- Data-driven physicians. Successful supply chain management involves physicians in the decision-making process. And with data analytics, physicians can gather advanced insights to select the appropriate tools and medications that are cost effective for better patient outcomes. This allows physicians to make informed decisions on supply options and encourage them to be more involved in the supply chain recommendations for care.
Advanced solutions in supply chain management are transforming today’s hospitals and healthcare systems. With a customer-centric supply chain system, healthcare practitioners can dramatically and accurately save time, resources, and enhance its ecosystem for the betterment of patients.
Without the use of AI, ML and data analytics, hospitals would be challenged by outdated systems that strain their overall infrastructure. It is ease of use, automation, and analysis that provides supply chain managers with free time to strategically enhance systems and generate new opportunities for growth.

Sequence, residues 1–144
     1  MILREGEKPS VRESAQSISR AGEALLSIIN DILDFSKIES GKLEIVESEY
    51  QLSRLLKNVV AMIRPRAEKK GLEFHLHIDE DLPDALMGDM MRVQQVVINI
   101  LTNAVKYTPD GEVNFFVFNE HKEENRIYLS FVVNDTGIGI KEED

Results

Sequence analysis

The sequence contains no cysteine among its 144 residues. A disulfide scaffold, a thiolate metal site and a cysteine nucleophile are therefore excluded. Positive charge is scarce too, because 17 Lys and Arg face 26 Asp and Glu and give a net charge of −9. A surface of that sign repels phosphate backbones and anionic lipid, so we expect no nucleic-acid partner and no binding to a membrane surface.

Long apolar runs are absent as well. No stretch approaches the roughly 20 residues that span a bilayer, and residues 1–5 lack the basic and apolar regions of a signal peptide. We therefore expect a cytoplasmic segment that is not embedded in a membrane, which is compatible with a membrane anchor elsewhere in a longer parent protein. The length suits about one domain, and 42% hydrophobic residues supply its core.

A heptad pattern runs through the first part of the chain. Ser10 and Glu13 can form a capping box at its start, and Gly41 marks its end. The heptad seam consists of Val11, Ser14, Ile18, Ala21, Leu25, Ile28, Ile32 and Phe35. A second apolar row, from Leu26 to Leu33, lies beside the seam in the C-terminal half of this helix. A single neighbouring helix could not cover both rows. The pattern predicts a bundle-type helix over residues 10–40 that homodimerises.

Qualities of a modern supply chain include the following characteristics.
- Focused on the patient. An interconnected supply chain network can provide facilities with complete visibility, from point of original down to delivery to the patient. Hospitals can then appropriately manage supplies and waste, including disposables syringes, trauma kits and crash carts. This allows staff to maintain orderly by having the right supplies in the right facility and avoid delays caused by lack of supplies and preparation.
- Tied to outcomes. With a modern supply chain network, patient care and outcomes are tracked by supplies and procedures to ensure proper treatment, based on historical success rate. With the addition of AI, ML, and augmented analytics, supply chain systems are able to provide predictions, analysis and solutions that are driven by data science.